Museum Context Counts

As with most writers, I’m an expert on nothing, an amateur on everything. That includes architecture.

I know what I like – classic – and what I don’t – contemporary. Enough of the Frank Lloyd Wrong knockoffs and monuments to marketing and ego. But, yes, I will certainly concede, the matter of taste really matters.

What I don’t think is so relative, however, is context. Does a project fit or is it an aesthetic wedgie? You know; you’ve seen them. The Super Dome that’s all too proximate to the French Quarter in New Orleans. That inverted pyramid on St. Petersburg’s classy waterfront. Faux Mediterranean Revival metastasizing all over South Tampa. A post-modern loophole in historic Hyde Park.

That’s why I think it might be significant – well, not irrelevant – that I really like the new contemporary design of the Tampa Museum of Art. And, truth be told, I had really wanted the retrofit at the old federal courthouse to work. And, yes, I really thought that $7-million Rafael Vinoly design was as cheesy as the “mother-of-all-carports” raillery was meant to make it seem.

The new $32.5-million, 68,000-square-foot TMA first phase, scheduled for completion in April 2009, is the architectural inspiration of Stanley Saitowitz of San Francisco. It will be sheathed in pierced aluminum and appear to shimmer from sunlight. Within its metal skin will be programmable LED lighting. It will play off of the sky and the water. The interior lobby will feature a two-story, hologram-like atrium. A landscaped roof will become a lush amenity. An outdoor sculpture garden will overlook the Hillsborough River.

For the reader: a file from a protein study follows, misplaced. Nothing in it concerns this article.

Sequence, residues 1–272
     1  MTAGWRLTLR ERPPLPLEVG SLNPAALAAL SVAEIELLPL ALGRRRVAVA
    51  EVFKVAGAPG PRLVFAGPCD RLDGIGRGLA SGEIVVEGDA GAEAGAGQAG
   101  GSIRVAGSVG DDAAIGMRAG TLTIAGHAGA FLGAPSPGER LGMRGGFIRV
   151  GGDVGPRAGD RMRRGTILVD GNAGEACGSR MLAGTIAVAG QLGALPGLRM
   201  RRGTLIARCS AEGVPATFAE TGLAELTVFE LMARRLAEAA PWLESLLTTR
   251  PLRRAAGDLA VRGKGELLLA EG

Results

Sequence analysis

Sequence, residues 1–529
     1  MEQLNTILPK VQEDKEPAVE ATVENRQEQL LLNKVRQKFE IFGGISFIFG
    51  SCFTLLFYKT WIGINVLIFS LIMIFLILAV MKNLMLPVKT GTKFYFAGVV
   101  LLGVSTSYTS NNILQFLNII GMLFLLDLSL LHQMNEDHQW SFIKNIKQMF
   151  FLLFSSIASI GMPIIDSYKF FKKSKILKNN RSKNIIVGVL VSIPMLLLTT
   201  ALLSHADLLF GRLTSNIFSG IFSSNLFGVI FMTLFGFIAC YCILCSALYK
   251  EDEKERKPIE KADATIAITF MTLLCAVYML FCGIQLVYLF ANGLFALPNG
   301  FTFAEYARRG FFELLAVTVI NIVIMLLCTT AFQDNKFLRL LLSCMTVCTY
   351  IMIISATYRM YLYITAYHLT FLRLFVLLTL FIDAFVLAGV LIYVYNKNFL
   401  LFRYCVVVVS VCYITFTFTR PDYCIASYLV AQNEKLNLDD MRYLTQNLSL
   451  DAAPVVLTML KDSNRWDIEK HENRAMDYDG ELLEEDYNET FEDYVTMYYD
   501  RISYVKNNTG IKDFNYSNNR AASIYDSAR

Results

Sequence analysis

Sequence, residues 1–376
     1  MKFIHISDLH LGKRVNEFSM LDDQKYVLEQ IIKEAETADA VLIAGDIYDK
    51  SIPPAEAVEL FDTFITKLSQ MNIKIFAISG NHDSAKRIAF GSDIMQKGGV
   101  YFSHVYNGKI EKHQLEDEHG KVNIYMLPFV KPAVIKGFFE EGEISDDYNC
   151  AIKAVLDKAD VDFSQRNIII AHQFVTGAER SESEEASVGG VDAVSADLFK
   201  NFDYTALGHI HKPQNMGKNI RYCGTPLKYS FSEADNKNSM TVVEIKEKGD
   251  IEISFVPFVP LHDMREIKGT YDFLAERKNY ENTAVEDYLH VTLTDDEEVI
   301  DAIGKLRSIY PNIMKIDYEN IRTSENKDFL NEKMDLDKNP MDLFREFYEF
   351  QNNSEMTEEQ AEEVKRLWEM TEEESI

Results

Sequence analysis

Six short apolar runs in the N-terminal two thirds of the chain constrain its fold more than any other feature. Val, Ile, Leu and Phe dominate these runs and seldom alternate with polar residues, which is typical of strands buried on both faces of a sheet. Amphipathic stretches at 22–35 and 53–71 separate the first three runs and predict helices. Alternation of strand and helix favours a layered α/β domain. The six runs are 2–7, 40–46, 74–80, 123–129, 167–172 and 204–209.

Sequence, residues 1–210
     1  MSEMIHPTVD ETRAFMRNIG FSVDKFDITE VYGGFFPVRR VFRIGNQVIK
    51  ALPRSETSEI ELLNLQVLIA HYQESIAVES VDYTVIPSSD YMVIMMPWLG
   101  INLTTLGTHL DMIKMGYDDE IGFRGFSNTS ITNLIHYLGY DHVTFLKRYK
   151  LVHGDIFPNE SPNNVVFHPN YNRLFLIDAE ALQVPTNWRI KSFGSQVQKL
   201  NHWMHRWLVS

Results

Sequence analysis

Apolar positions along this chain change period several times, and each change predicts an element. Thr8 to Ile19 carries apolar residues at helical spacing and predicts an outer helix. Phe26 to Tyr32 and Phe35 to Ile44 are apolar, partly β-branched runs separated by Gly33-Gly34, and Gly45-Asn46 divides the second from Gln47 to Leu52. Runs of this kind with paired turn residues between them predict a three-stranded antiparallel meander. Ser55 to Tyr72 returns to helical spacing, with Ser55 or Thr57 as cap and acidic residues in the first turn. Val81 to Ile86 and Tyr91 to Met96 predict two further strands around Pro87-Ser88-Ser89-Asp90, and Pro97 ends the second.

Saitowitz didn’t make excuses for the “Beer Can” building or the Poe Garage or the Ashley Speedway. He simply plowed ahead with an animated vision. He called the riverfront site a “charged and amazing place” in his keynote address at last week’s annual Tampa Downtown Partnership luncheon. He presented a slide show that was top heavy with his urban-infill and city-scapes portfolio. “Integrate,” “blend” and “connect” – as in “into landscapes,” “with the environment” and “to nature” seemed his mantra.

His TMA model embodied his words. Mayor Pam Iorio, whose only stake in what happens on the riverfront is her legacy, was in full beam mode.

Saitowitz also said that he believed in “architecture as infrastructure.” It’s why, he acknowledged, that he typically designs buildings without parking. It’s his way of “fostering transportation” other than via automobile.

As if to underscore that point, one of Saitowitz’s TMA renderings shows the museum as a light-rail stop. Talk about context.

Talk about a vision.

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